Mortality in women with pregnancy-associated malignant melanoma

Anna L V Johansson, Therese M-L Andersson, Anna Plym, Gustav J Ullenhag, Henrik Møller, Mats Lambe

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    BACKGROUND: Malignant melanoma (MM) is one of the most common malignancies in young women. It remains debated whether a MM diagnosed during pregnancy or lactation has a worse prognosis.

    OBJECTIVE: We sought to examine mortality in women with pregnancy-associated MM (PAMM) (diagnosed during pregnancy and up to 2-years postpartum).

    METHODS: This was a population-based cohort study based on information retrieved from the Swedish Cancer and Multi-Generation Registers. Hazard ratios with 95% confidence intervals adjusted for age, period, education, parity, and tumor location were estimated.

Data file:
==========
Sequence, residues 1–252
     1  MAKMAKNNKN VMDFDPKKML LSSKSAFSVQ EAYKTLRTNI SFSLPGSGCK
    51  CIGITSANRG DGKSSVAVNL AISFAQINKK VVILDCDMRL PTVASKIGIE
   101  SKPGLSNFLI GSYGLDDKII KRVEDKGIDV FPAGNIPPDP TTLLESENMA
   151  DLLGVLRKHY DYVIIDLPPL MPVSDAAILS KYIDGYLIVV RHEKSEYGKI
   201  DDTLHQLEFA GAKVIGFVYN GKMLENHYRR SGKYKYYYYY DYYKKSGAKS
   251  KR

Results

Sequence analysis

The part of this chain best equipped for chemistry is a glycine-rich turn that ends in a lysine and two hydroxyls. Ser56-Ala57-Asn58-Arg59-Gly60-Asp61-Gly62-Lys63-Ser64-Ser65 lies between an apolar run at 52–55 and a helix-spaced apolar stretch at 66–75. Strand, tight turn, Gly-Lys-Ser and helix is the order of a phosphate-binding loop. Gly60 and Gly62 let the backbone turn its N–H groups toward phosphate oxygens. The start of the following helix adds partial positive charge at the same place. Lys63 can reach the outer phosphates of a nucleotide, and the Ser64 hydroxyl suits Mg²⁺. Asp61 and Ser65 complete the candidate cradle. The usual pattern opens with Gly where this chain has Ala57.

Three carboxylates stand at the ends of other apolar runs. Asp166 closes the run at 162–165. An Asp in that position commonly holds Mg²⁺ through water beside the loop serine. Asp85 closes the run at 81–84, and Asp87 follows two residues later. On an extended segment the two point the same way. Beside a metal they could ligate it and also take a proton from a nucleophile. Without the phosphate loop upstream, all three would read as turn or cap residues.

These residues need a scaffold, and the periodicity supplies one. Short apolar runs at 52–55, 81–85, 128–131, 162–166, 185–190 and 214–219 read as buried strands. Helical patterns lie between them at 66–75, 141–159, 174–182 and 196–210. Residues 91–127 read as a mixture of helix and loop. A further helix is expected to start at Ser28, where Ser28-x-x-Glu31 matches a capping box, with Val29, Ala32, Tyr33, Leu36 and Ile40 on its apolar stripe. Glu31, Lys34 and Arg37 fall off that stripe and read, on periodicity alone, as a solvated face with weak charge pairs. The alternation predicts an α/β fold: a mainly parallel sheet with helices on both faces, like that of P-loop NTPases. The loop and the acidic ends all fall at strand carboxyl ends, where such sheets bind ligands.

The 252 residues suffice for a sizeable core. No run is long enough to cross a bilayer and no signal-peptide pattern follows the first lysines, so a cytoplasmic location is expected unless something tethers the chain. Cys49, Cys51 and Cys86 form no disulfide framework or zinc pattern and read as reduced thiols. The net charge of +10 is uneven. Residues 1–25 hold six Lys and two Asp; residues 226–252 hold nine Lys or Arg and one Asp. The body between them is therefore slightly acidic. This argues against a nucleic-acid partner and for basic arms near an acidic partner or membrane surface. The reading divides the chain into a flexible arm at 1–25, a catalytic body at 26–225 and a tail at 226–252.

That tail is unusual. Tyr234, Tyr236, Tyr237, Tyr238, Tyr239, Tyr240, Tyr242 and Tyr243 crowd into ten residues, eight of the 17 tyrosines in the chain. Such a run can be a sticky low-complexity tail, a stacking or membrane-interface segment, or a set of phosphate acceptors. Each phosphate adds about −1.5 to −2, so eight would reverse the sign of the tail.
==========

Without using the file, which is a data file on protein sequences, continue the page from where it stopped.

RESULTS: In total, 6857 women and girls aged 15 to 44 years with a diagnosis of cutaneous MM between 1963 and 2009 were identified. Of these, 1019 cases were classified as PAMM. The cause-specific mortality did not differ between PAMM and MM not diagnosed near childbirth (adjusted hazard ratio 1.09, 95% confidence interval 0.83-1.42).

    LIMITATIONS: Information on stage at diagnosis was available only for a subset of patients

    CONCLUSION: Overall, the cause-specific mortality in women and girls with PAMM did not differ from that in women and girls with non-PAMM. The current findings do not provide evidence of an adverse prognostic influence of pregnancy or a recent birth.

    Original languageEnglish
    Pages (from-to)1093-1101
    Number of pages9
    JournalJournal of the American Academy of Dermatology
    Issue number6
    Publication statusPublished - Dec 2014


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